As a fan’s retrospective it’s so unlike anything else I’ve ever read that really it demands attention. For the women who accompanied Heidi back then, it will strike familiar chords aplenty. The women who attend football today will raise their eyebrows and wonder how she stood all the unwanted attention, all the scary situations when she so often ended up “shaking like a leaf”. And men reading this book are afforded an insight into the female perspective – the horror that violence can arouse, and yet how sometimes fellow Leeds fans were spurred on to “get” and “knack” opposing fans, because that was the way things were.
You’re reminded a little sometimes of scenes in the famous movie “Quadrophenia” when so many scenes of violence were witnessed by girls, who hated it and yet were caught up in the moment, half scared, half fascinated, totally immersed in the experience. We’ve all heard how football lads get a “buzz” off the fights and the confrontations; this book tells us how the experiences of women are subtly different and yet not totally un-related. As much as the physical violence, harsh words could hurt, tears could flow because of name-calling at away trips when strangers would recognise a girl who had attracted media attention because of the curiosity that she was; a female who attended football matches every bit as fanatically and faithfully as the lads. Some of these lads worshipped her as an icon with her distinctive blonde hair and her beret. Others saw her as an easy target for spite and cruelty, born out of hollow bravado and a sense of inadequacy – because she was well-known by fans and players alike, which was uncomfortable to certain resentful males who were stuck with their humdrum anonymity. Throughout it all, you’re aware of a feeling of what it must have been like, because the memories recorded here are so raw and so real.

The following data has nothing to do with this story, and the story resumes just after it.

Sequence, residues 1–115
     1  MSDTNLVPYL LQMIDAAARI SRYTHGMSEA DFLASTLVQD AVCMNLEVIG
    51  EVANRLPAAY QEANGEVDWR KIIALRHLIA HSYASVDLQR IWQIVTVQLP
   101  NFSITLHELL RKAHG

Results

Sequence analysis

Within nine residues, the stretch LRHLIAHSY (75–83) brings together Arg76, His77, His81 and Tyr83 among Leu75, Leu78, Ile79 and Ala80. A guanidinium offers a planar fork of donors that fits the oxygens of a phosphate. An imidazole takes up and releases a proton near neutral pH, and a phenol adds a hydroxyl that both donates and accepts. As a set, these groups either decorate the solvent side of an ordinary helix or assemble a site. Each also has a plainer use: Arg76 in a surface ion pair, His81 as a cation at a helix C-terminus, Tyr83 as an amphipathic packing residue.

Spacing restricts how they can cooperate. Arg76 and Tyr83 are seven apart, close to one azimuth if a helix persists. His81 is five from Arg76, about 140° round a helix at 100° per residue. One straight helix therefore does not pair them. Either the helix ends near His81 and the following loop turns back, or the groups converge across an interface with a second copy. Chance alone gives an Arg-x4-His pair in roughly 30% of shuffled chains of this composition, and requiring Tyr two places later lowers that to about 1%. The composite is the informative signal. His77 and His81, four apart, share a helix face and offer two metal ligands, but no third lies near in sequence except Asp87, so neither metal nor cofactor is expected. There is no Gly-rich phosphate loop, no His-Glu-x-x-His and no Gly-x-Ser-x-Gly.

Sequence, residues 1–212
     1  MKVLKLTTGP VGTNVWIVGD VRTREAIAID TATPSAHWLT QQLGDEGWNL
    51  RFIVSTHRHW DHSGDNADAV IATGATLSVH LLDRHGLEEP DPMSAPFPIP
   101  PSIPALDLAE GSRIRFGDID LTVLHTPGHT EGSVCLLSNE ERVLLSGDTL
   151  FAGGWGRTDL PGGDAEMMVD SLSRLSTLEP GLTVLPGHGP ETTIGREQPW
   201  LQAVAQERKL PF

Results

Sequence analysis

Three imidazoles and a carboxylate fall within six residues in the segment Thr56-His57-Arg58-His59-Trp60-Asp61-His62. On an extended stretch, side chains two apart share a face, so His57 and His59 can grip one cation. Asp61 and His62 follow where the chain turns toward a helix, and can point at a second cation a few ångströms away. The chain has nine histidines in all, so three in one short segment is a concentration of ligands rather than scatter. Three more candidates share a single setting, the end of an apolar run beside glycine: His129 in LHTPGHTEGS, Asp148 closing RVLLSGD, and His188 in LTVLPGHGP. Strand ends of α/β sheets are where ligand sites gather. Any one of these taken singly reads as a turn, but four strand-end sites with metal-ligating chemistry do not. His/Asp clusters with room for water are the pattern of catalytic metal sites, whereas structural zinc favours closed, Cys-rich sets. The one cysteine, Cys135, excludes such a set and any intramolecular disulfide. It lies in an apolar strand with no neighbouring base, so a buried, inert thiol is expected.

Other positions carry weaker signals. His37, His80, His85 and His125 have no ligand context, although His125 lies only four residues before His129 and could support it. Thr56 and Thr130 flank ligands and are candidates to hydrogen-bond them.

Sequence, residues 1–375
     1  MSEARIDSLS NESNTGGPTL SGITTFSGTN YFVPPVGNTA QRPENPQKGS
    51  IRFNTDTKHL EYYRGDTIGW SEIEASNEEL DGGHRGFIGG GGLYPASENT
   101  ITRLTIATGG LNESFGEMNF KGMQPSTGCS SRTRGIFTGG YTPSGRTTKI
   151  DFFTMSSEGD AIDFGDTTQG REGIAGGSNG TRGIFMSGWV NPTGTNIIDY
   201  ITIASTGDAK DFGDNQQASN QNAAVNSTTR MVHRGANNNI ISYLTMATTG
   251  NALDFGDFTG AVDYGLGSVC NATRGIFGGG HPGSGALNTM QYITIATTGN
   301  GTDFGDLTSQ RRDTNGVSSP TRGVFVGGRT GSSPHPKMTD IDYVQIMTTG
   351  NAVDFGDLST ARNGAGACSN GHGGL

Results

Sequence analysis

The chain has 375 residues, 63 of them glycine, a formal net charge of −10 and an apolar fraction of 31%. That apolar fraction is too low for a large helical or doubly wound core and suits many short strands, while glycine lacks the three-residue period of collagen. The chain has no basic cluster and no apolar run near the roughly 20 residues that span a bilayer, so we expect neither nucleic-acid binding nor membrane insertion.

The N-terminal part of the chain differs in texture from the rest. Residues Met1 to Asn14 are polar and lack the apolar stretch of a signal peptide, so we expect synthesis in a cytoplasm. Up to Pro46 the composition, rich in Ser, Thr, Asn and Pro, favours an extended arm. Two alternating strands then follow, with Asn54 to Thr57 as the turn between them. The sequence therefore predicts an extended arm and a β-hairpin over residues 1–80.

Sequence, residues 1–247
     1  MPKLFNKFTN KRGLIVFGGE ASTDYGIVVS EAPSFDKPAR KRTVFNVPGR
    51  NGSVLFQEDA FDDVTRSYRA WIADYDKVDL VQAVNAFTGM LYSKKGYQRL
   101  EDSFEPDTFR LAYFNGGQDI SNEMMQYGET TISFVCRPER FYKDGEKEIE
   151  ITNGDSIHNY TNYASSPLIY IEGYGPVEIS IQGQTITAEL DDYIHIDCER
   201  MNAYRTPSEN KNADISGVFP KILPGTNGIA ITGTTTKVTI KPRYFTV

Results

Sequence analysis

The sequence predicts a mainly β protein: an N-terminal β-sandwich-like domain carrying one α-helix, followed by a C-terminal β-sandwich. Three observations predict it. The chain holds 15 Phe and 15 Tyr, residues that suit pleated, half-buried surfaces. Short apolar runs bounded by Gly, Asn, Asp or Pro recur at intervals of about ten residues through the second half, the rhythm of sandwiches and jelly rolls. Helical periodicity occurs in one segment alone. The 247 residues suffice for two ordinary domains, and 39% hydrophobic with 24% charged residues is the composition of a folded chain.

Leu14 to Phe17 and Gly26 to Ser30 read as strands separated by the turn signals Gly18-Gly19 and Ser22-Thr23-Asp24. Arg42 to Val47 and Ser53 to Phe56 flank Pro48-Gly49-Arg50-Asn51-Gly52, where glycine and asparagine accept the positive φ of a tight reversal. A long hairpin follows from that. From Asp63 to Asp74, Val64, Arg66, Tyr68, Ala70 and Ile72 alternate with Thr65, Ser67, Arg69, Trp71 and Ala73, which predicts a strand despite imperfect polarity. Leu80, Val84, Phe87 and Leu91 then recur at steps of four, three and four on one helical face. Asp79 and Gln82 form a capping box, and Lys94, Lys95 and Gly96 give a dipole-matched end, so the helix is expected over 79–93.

I have a very individual reason for recommending this book, but wider ones too. My own particular reason first; I took to this book simply because of Heidi Haigh’s heart-warming (to me) convention of refusing to give the dignity of capital letters to the despised man utd. All the way through the book, whenever she has to mention them, it’s man utd. That alone makes this title worth a place on my shelves – but there are other recommendations too.
If you were a fan in the seventies, read it. You’ll recognise the times, you’ll be reminded of long-forgotten scenes. If you’re a woman who watches football today, read this. You’ll see how things have come on and how, though there’s still a long way to go, you can expect to be treated these days as other than a freak or a second-class citizen. Both of those treatments were almost the norm in the seventies, when football was the working man’s sport and the working man relaxed and let his loutish side show – probably a reaction to a TV diet of “Love Thy Neighbour” and “The Sweeney“. And if you’re a bloke – read this. It’ll teach you things about football support, and especially football support back in the day, that you never knew. It’ll give you some perspective.
It’s a good read, it’s punchy and honest, it’s by one of our own, and it puts you right back to when Leeds United were simply the best. It doesn’t set out to be “War and Peace“, but it has its own appeal for those who want to know what those days were like. Do yourselves a favour and read it. Or buy it for the Leeds fans in your life for Christmas. They won’t be disappointed.